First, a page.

Korean New Year, commonly known as Seol-nal, is the first day of the lunar calendar. It is the most important of the traditional Korean holidays. It consists of a period of celebrations, starting on New Year’s Day. Koreans also celebrate solar New Year’s Day on January 1 each year, following the Gregorian Calendar. On the day of Seollal, everyone gets up early, puts on their best clothes, children wish their elders  (grandparents, aunts and uncles, parents) a happy new year by performing one deep traditional bow and the words saehae bok mani badeuseyo  which translates to Receive many New Year blessings, or more loosely, “Have a blessed New Year.” Parents typically reward this gesture by giving their children new year’s money, or “pocket money,” (usually in the form of crisp paper money) in luck bags made with beautiful silk design and offering words of wisdom, deokdam. Historically, parents gave out rice cakes (ddeok) and fruit to their children instead. Before and during the bowing ceremony, children wear hanboks as a respectful way to appreciate ancestors and elders. This activity is called Sebae.

Many traditional games are associated with the Korean New Year. The traditional family board game yunnori  is still a popular game nowadays. Yut Nori (Yunnori) is a traditional board game played in Korea, especially during Korean New Year. It is played using different types of specially designed sticks. Traditionally men and boys would fly rectangle kites called yeonnalligi, and play jegi chagi, a game in which a light object is wrapped in paper or cloth, and then kicked in a footbag like manner. Korean women and girls would have traditionally played neolttwigi, a game of jumping on a seesaw , and gongginolie, game played with five little gonggi (originally a little stone, but today many buy manufactured gongi in shops) while children spin paengi .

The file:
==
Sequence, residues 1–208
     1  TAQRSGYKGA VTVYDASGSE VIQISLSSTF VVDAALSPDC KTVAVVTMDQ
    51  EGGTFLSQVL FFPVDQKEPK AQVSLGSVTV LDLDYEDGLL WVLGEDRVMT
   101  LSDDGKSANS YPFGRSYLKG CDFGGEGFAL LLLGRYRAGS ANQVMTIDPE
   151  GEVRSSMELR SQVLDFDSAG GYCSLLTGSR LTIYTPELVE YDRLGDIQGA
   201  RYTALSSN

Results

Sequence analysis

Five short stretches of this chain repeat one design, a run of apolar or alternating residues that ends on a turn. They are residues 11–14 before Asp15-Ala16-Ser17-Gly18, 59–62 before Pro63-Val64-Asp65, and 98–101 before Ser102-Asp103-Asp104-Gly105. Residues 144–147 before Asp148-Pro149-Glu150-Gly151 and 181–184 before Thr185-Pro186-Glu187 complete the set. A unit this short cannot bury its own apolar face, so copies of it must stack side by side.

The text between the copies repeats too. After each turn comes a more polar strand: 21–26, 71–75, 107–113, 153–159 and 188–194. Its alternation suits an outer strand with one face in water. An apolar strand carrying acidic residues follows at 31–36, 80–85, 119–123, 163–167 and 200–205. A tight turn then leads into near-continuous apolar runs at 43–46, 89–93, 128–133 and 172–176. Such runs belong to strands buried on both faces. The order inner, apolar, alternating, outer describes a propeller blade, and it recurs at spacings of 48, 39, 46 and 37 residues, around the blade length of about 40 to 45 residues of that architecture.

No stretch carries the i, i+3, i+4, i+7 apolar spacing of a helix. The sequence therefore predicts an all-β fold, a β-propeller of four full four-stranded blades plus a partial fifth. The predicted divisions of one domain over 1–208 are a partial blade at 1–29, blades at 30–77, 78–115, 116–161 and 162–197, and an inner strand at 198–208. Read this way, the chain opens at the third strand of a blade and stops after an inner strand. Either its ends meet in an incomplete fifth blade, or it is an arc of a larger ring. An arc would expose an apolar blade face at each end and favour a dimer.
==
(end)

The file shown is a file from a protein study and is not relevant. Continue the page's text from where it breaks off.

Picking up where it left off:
SEOUL – Deoksugung

Seoul Keoksugunge

Deoksugung, also known as Gyeongun-gung, Deoksugung Palace, or Deoksu Palace, is a walled compound of palaces in Seoul that was inhabited by various Korean royalties until the Japanese occupation of Korea around the turn of the 20th century. The buildings are of varying construction, including some of natural cryptomeria wood[citation needed]), painted wood, and stucco. Some buildings were built in Western style.
In addition to the traditional palace buildings, there are also an art museum, forested gardens, and a statue of King Sejong the Great at Deoksugung. The palace is located near the City Hall Station.
Deoksugung, like the other “Five Grand Palaces” in Seoul, was intentionally heavily destroyed during the Japanese occupation of Korea. Currently, only one third of the structures that were standing before the occupation, remains.